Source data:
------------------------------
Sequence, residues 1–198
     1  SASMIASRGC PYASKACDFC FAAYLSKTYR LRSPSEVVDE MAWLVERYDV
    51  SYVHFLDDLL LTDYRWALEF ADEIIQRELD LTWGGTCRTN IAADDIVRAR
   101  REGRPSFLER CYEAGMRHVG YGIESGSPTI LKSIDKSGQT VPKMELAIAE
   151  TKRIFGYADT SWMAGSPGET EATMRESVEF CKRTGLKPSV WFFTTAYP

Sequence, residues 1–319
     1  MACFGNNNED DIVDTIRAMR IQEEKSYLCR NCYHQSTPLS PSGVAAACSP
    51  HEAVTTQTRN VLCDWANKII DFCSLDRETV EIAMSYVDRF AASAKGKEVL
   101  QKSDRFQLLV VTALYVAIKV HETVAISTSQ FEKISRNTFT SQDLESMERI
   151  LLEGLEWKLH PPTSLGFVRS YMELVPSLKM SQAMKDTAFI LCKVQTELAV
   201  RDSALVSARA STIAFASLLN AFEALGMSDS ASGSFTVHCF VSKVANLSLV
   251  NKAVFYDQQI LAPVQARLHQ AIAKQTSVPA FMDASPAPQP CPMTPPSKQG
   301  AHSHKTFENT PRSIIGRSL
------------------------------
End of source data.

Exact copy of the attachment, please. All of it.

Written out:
Sequence, residues 1–198
     1  SASMIASRGC PYASKACDFC FAAYLSKTYR LRSPSEVVDE MAWLVERYDV
    51  SYVHFLDDLL LTDYRWALEF ADEIIQRELD LTWGGTCRTN IAADDIVRAR
   101  REGRPSFLER CYEAGMRHVG YGIESGSPTI LKSIDKSGQT VPKMELAIAE
   151  TKRIFGYADT SWMAGSPGET EATMRESVEF CKRTGLKPSV WFFTTAYP

Sequence, residues 1–319
     1  MACFGNNNED DIVDTIRAMR IQEEKSYLCR NCYHQSTPLS PSGVAAACSP
    51  HEAVTTQTRN VLCDWANKII DFCSLDRETV EIAMSYVDRF AASAKGKEVL
   101  QKSDRFQLLV VTALYVAIKV HETVAISTSQ FEKISRNTFT SQDLESMERI
   151  LLEGLEWKLH PPTSLGFVRS YMELVPSLKM SQAMKDTAFI LCKVQTELAV
   201  RDSALVSARA STIAFASLLN AFEALGMSDS ASGSFTVHCF VSKVANLSLV
   251  NKAVFYDQQI LAPVQARLHQ AIAKQTSVPA FMDASPAPQP CPMTPPSKQG
   301  AHSHKTFENT PRSIIGRSL